Travelling by bus in Spain is sometimes quicker and more convenient than taking a train. For example; when I compared options for travelling between Granada and Málaga, the bus was the better option.
Málaga’s bus station is located next to Maria Zambrano train station.
How to get to Málaga by air
As the main hub for the Costa del Sol, Málaga Airport is served by a number of airlines. Located just 8 km from central Málaga, it is cheap and easy to travel from.
If you don’t want to fork out for a taxi, take the C1 train to Málaga Centro Alameda. The journey from Málaga Airport takes a mere 11 minutes and cost €2.30 in 2022. Trains run every 20 minutes.
How to get from Málaga Cruise Terminal to the city centre
If you are arriving in Málaga on a cruise, you will disembark at the city’s shiny new cruise terminal close to Muelle Uno and La Malagueta. From here, it’s an easy 15-minute walk to the city centre.
Alternatively, the Port Authority of Málaga operates a shuttle bus from the cruise terminal to Plaza de la Marina in the historic city centre. Buses run every 15-20 minutes and cost €2 for the 5-minute journey.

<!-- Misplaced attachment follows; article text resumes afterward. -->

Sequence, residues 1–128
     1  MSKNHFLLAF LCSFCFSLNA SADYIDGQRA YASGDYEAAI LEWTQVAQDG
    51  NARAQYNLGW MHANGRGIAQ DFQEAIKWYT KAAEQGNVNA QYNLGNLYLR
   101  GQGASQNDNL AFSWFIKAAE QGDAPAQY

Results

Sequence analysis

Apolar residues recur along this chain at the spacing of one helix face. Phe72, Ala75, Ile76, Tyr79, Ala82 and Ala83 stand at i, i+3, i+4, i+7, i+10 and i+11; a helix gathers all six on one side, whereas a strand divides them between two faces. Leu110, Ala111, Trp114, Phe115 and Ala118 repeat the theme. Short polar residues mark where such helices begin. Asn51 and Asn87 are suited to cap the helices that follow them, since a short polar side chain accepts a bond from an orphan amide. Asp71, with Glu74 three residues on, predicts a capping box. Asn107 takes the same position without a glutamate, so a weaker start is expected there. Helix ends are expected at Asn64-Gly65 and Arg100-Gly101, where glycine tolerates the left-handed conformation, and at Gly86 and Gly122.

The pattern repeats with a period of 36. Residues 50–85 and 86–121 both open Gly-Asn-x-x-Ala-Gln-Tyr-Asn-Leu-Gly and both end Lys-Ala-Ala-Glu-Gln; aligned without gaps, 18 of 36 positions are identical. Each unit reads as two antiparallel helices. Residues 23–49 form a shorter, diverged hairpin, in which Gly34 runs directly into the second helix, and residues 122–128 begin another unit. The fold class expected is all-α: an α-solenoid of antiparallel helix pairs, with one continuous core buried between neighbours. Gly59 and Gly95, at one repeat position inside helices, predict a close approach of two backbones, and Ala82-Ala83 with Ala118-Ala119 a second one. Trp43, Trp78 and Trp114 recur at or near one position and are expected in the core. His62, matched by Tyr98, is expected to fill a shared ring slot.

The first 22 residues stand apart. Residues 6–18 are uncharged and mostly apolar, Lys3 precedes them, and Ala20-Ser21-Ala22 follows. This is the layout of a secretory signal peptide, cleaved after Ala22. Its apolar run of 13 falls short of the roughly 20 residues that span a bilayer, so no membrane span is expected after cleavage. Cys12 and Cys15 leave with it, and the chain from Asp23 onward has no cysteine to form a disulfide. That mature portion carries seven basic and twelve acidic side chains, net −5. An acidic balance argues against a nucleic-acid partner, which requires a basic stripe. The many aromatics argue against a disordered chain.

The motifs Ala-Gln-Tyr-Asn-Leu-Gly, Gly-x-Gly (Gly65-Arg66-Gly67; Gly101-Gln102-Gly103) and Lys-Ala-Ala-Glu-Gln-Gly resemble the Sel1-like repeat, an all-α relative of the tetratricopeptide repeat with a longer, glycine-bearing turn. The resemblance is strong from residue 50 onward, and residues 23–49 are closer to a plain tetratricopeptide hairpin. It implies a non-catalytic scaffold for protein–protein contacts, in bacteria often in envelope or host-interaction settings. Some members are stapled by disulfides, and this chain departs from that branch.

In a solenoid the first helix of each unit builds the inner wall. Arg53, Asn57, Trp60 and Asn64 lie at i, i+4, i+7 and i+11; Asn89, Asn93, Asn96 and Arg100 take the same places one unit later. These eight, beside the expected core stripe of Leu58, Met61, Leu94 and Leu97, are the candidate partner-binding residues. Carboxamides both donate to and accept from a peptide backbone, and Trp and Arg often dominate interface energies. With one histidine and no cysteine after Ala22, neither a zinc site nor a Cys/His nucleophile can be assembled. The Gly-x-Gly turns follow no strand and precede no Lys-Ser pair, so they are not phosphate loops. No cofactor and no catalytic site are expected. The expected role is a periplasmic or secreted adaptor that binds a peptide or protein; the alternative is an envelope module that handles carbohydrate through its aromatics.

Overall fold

There’s also a solar-powered road train that runs between the cruise terminal and Plaza de la Marina which costs €3
How to get around Málaga
Málaga is a very walkable city. Its main attractions are spread over a concentrated area and the best way of getting around is on foot.
But, if you prefer, there is the inevitable hop-on-hop-off (HOHO) bus service.
>>> CLICK HERE TO BUY YOUR HOHO TICKET
Where to stay in Málaga
If you are staying overnight in Málaga, base yourself in the Old Town area around the Cathedral or the trendy Soho district. These areas are close to the city’s main attractions, bars and restaurants and offer accommodation to suit all budgets.
Here are my top choices:
Mid-range apartment: Suites del Pintor
I stayed at this apartment in the Old Town, which is a great self-catering choice in Málaga. The washing machine, Nespresso machine and roof terrace were bonuses.
>>> CLICK HERE TO CHECK RATES & BOOK
Luxury hotel: ICON Malabar
I also stayed in this fabulous new boutique hotel in Soho. But this is not style over substance. It is also in a superb location and its staff are first-rate.
>>> CLICK HERE TO CHECK RATES & BOOK